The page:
Thursday, June 23, 2011

Another letter to Revkin's blog

I need to stop writing responses to Andy's questions. The questions he asks are very interesting to me, but some of the other respondents are nuts.

But here's my latest missive, a response to this post here on the Obama pledge to "Put Solar on It" (the White House):

[Dear Andy:]

At the risk of seeming hypocritical (since the students who drove our original "Jimmy Carter" solar panel to the White House were from my institution), at the time of the solar road trip I suggested both to Bill McKibben and to the blogosphere that for various technical and architectural reasons the White House itself wasn't necessarily the best site for a solar array.

Instead, US-produced solar "trackers" might be mounted on various sunny sites around the Mall or the Elipse, or US-made utility-scale panels using US-proprietary thin film technology might be mounted on the roofs of the several very large government buildings in that area that have flat roofs, or some combination thereof.

I still stand by that compromise suggestion. I think it makes more technological and commercial sense.

But McKibben's goals, and the Administration's goals in agreeing to the installation, might not be the same ones I have in mind.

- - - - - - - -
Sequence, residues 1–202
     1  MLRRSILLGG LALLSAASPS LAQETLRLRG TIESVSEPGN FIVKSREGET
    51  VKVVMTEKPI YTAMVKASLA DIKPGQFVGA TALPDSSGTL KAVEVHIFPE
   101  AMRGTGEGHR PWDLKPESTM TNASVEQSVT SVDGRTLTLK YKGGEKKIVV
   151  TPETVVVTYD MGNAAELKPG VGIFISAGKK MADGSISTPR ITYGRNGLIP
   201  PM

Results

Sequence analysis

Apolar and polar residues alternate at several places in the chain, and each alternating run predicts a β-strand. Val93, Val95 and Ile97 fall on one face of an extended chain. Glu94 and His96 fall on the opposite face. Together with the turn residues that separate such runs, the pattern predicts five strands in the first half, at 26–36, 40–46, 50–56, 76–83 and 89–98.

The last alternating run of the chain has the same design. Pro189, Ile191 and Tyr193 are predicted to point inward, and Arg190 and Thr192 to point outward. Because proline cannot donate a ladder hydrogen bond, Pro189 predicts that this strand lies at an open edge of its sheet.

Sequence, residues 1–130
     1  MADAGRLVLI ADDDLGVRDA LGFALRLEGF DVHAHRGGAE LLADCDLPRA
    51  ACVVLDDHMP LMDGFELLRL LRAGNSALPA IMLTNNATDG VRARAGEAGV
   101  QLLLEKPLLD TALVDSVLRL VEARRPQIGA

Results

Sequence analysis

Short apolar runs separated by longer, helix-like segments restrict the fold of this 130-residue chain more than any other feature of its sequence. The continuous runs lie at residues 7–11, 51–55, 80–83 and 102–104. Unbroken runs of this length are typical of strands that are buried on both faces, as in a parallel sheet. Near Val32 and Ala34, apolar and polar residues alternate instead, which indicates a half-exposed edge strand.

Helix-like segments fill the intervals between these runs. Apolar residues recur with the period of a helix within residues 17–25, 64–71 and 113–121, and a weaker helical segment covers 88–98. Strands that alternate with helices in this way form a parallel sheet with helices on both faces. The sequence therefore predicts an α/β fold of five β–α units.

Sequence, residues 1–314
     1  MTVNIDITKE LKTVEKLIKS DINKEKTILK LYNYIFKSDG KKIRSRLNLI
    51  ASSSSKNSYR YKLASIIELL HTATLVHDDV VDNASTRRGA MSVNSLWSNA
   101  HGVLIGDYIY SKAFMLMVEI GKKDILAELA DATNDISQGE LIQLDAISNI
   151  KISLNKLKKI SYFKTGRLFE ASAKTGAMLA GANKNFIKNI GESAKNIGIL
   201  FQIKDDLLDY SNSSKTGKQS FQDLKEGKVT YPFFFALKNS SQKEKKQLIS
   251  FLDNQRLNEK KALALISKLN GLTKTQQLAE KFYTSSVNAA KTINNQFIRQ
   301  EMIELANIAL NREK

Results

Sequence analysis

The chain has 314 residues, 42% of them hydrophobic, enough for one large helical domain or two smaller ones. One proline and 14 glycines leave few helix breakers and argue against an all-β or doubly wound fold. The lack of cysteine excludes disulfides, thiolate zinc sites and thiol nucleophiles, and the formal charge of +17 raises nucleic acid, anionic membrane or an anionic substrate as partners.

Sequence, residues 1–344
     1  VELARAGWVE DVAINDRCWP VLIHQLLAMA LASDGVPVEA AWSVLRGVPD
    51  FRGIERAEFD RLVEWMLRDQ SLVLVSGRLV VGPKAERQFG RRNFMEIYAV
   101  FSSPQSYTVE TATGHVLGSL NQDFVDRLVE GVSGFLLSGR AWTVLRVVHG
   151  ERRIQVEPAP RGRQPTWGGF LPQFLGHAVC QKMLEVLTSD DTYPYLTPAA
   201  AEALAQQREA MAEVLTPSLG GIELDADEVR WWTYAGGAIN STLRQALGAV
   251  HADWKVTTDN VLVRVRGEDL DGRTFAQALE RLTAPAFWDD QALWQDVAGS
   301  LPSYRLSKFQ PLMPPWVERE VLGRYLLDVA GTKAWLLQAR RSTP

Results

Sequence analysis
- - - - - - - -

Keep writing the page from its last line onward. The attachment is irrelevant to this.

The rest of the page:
Or maybe they are and they just don't know enough about the technology.

If the symbolic and educational nature of this demonstration is the most important idea, trackers make sense and are architecturally interesting, and would be more visible in a public park at ground level than out-of-sight on the roof of a historical building. If producing power is the most important notion here, then out-of-sight utility scale panels make more sense, and are already cost-effective (ie, profitable) in slightly sunnier regions than DC. Since the thin-film technology is mostly US-owned, and since it's the best bet for, and already producing commercial scale, cost-effective solar electricity, this would be less of an attempt, or at least more patriotically defensible an attempt, to force a market "winner" than the original White House solar array.

Best compromise: have a few token trackers down on the Elipse where folk can see and appreciate them, but also put a decently-sized solar power station on the various roofs to actually make a sensible amount of power.

The problem with the original Carter panels is about the government "picking winners." They took about eighty pounds of copper, glass, steel, and aluminum to do what we do today with about ten (using evacuated tube solar thermal technology). They were not a market winner. As President Carter said might happen at the time of the dedication, they are now museum pieces. But those of us that were inspired by his vision went on to design better systems and amass new knowledge about renewable energy.

They were, therefore, an important "road not taken," at least by the mainstream the the president was attempting to reach, and important symbolically and educationally. It bothers me to think of all the money spent in the meantime to enrich petrostate dictators and to protect the flow of oil. If we'd taken President Carter's advice and stayed on that road and solved the technological problems sooner rather than later, we'd all be a lot better off by now.

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